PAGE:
Or can only single shims be used? I'm coming from the 'single shim' camp, but with a limited supply of shims, I've wondered about the ability to stack 2 to get a closer balance.
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  #24  
Old 09-27-2011, 01:46 PM
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Quote:
Originally Posted by wildest View Post
Or can only single shims be used? I'm coming from the 'single shim' camp, but with a limited supply of shims, I've wondered about the ability to stack 2 to get a closer balance.
It does not matter if one or more Shims are used; with the exception that the Shim that goes against the Spring should be the thickest one and made of steel.

When I worked in a Fuel Injection Shop I would sometimes get Injectors that someone had installed Brass Shims made from generic Shim Stock (they also had 1 or more Steel Shims in the stack).

There was no problem apparent from using them as long as they are not directly against the Spring.

Also for the Mercedes Injector application the Shims do not have to have the hole in the Center. You can put shims with no hole against the upper Injector Body.

What was nice while they lasted is my Boss got in a Box of Thin Diesel Kiki Injector Shims for a special job we did. The thin shims made it easy to bump up the opening/pop pressure. After that box was finished He never ordered any more.
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  #25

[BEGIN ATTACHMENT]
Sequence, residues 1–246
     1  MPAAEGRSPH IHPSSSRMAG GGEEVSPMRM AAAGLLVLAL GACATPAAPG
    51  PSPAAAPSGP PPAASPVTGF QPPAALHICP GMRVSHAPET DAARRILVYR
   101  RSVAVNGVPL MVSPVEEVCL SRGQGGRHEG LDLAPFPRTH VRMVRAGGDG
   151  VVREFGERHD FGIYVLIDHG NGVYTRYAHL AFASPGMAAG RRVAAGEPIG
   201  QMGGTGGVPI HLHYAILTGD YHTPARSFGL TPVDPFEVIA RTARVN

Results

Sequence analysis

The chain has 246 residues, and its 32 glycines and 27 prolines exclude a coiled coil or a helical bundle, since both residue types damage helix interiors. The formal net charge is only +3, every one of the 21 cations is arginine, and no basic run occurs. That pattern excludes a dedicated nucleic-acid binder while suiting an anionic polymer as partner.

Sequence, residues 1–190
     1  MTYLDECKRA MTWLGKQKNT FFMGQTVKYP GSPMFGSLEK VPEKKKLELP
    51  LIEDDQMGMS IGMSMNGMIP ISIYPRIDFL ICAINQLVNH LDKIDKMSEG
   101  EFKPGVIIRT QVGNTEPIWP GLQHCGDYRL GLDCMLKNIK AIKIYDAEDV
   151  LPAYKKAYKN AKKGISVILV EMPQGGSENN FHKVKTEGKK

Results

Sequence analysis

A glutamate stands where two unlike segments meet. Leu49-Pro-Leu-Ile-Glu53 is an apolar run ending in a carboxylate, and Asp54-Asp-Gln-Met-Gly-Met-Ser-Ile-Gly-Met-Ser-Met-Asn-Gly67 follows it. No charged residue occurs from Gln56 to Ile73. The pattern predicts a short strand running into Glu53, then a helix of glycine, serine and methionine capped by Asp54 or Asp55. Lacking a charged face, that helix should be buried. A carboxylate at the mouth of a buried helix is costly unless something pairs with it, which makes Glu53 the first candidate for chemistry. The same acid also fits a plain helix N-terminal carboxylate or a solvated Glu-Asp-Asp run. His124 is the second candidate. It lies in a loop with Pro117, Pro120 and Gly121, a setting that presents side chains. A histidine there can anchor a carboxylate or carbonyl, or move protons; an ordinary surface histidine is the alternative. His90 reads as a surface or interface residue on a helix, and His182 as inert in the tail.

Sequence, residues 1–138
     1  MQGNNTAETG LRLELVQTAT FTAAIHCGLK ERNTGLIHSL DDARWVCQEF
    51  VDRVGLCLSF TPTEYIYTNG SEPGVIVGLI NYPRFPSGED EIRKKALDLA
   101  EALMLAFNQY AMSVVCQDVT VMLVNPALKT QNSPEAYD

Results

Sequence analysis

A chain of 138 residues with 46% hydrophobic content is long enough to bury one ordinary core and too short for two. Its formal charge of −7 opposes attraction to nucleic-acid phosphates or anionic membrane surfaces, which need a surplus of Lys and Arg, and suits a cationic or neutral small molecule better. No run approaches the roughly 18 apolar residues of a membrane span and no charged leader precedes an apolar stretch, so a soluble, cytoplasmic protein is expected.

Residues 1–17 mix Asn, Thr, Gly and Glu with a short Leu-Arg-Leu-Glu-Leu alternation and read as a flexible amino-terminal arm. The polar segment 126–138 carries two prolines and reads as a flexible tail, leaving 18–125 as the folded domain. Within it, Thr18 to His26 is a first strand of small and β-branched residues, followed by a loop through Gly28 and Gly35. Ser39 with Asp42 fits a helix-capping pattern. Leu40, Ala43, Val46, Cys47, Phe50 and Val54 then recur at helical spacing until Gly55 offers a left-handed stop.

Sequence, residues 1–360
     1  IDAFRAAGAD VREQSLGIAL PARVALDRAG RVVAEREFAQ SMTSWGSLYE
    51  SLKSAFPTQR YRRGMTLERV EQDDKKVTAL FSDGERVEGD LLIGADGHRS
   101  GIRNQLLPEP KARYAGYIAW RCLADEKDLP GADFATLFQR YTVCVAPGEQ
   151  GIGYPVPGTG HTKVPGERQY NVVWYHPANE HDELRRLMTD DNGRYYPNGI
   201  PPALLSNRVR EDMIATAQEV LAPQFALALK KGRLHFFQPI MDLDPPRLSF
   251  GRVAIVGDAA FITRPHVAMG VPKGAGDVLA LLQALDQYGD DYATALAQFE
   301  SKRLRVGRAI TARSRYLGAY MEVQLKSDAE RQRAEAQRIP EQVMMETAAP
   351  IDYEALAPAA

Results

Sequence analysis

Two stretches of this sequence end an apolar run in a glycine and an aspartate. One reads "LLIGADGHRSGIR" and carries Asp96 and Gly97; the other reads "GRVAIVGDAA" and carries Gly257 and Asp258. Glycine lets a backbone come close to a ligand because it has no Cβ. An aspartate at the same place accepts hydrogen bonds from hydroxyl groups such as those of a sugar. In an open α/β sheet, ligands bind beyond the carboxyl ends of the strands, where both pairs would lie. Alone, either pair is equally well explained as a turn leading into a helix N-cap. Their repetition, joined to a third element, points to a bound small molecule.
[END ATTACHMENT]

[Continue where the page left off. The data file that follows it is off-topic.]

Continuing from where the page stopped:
Old 09-27-2011, 05:14 PM
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I have a pop tester and have done 3 sets of injectors so far (1 Mercedes and 2 VW's) . I always pop the injectors with the old nozzles first. All 3 sets were closely matched in pop pressures (within each set) and they all have only one shim in each injector. The new nozzles that were put in the 3 sets of injectors did not require any additional shims- they were all within spec with the original shim. Maybe I was just lucky that the nozzles I got were closely matched? Two sets were Monarks and one set was Bosch.
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  #26  
Old 09-25-2012, 09:19 PM
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How come the shims don't need a hole in the middle? I am looking at the FSM diagram and it looks like the fuel goes directly through the middle until it reaches the nozzle insert/spacer (the last thing before the nozzle).

I have a second set of injectors laying around to get shims from. Could I also experiment with swapping the springs as well? Perhaps doing a baseline test of the springs by themselves (from a set of 10) - and then pick the 5 that are closest together?

In fact I have 15, as I have two running cars and a parts car - so I could just rearrange to match in sets of 5, I'm assuming - or is there a problem with mixing injector manufacturers (as long as the internal parts are not swapped)?

Are the OEM shims (from original injectors) different in size, or are they all the standard thickness? (ie does it make a difference to swap with other OEM injector shims)

As per manufacturing my own shims, if the shims don't need holes, wouldn't material from a feeler gauge work as well (if cut to size/shape, but left a solid shape, ie NO drill hole through the middle)?

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  #27  
Old 09-25-2012, 09:40 PM
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Quote:
Originally Posted by tomas_maly View Post